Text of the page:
Now that President Bush has made creation of a workable guest worker program a priority for his second term, let’s see who in Congress has the courage to withstand the xenophobic backlash that always greets immigration reforms, no matter how necessary and well-crafted.
Thankfully, most of Arizona’s congressional delegation, as well as those of other border states, are behind a practical solution to the problem of illegal immigration. For such a solution to work, it must include some form of guest worker pass for foreigners already in this country — many illegally — as well as others determined to come here, one way or another.
The program must include an avenue by which illegal immigrants can become legal guest workers. One bill already in Congress and sponsored by several members of Arizona’s delegation includes an application process and fee. Supporters call it a realistic way to transition many productive and otherwise law-abiding members of America’s work force into fully legal employment status. Critics call it amnesty for lawbreakers.
But let’s be completely honest in discussing these “lawbreakers.” There are worse crimes than slipping across a political boundary in order to earn a better living for one’s self and family. Even the most zealous of the anti-immigrant crowd ought to acknowledge, and take some pride in, the fact that America, for all the pummeling we take in the international arena, is still the land of opportunity for those who lack opportunity at home but have the gumption to make the always difficult and sometimes deadly trek to get here.
Also important to acknowledge is that the American economic miracle always has depended on a plentiful supply of entry-level labor — usually provided by immigrants. Yes, business always benefits from reasonable labor prices, but so do consumers who enjoy the resultant lower prices. And while the laborers toil hard for relatively low wages, those workers wouldn’t be here if they could earn at home anything approaching what they make here. It’s easy for liberal prigs to sniff at “exploitation,” but quite another to hear day laborers themselves complain about their situation.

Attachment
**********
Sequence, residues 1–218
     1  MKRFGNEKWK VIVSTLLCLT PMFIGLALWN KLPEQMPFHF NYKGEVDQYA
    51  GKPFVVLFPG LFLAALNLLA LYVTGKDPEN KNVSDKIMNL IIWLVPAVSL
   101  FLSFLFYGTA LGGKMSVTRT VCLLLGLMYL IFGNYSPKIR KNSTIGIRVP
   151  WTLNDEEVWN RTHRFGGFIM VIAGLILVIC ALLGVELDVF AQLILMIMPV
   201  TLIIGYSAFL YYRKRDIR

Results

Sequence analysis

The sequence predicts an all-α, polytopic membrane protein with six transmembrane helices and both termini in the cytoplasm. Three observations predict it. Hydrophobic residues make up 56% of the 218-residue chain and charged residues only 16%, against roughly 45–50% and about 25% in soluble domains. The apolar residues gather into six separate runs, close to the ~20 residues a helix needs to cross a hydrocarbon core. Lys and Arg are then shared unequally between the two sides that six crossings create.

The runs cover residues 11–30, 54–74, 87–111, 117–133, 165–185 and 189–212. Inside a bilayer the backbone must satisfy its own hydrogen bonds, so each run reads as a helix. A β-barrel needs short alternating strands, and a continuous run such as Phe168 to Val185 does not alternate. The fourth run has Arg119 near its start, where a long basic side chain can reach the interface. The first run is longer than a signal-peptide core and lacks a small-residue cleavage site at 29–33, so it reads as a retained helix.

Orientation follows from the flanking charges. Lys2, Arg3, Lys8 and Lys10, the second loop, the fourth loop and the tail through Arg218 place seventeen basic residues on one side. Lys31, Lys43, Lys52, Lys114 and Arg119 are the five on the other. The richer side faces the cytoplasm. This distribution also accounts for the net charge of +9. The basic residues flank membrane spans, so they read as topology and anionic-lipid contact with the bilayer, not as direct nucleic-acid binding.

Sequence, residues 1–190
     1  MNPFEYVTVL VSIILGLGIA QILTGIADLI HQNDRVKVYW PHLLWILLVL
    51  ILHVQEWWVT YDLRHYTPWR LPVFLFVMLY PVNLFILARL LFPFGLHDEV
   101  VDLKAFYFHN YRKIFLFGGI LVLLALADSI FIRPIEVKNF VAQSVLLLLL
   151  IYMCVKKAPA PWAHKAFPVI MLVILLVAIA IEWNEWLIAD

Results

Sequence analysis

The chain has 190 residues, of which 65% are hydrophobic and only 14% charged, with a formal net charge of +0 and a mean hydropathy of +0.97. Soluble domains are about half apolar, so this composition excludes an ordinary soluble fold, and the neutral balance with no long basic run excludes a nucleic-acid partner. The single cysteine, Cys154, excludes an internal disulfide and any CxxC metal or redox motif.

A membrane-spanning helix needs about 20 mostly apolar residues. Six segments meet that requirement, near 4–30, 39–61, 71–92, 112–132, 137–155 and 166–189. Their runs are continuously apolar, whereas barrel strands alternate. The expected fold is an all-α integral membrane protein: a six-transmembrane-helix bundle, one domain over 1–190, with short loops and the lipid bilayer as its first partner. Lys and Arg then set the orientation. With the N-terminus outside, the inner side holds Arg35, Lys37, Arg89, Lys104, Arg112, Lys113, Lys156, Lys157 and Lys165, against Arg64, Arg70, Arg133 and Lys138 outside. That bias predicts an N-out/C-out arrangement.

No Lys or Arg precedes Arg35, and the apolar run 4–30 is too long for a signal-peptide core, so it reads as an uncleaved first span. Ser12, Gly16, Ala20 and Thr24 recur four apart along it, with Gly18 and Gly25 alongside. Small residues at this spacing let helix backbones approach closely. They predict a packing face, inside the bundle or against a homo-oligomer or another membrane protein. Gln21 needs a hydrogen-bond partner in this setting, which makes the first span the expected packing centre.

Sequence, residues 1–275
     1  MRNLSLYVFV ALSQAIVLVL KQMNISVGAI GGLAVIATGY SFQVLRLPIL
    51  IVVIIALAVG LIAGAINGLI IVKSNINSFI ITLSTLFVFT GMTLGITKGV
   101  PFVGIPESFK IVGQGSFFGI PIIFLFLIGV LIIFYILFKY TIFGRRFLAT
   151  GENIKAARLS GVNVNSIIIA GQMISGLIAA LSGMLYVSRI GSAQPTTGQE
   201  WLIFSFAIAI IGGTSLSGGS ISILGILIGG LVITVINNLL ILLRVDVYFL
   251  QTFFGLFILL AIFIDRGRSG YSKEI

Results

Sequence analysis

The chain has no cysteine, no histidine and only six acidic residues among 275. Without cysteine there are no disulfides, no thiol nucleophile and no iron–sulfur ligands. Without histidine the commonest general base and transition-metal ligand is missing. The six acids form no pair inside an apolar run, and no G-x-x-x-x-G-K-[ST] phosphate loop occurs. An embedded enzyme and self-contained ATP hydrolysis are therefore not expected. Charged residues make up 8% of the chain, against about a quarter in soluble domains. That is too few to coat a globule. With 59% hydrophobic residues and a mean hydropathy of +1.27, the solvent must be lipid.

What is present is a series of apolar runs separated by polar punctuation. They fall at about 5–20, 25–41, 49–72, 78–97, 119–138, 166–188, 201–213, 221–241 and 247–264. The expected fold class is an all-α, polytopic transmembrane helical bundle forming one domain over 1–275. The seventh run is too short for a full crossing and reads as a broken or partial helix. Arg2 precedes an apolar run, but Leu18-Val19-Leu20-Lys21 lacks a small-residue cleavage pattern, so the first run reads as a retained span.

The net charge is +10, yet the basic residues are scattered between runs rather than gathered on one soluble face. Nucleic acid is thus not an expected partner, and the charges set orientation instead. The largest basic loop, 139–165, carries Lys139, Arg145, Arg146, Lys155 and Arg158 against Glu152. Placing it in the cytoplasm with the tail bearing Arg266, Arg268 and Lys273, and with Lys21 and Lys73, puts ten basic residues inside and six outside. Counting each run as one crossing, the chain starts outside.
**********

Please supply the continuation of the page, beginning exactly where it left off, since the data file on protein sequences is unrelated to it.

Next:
That is the social and economic reality — a reality that some refuse to acknowledge, let alone accommodate. And that refusal is why we sit here today quibbling about a problem that can either be addressed with a practical solution — that is, a guest worker program — or by brute force, which is what the anti-immigrant crowd really wants. That would lead to a virtual police state with ID papers required for just about everything, and a major deployment of the U.S. military along the border.
We’d rather see our tax dollars spent on troops stabilizing the Mideast, where the determined are trying to destroy us, rather than on ones deployed along the Mexican border, where the determined are trying to work for us. And the longer we delay a practical border solution, the easier it will be for some of those out to destroy us to slip across.
President Bush deserves credit for making immigration reform a priority.
Congress needs to stop catering to xenophobes and enact workable reforms.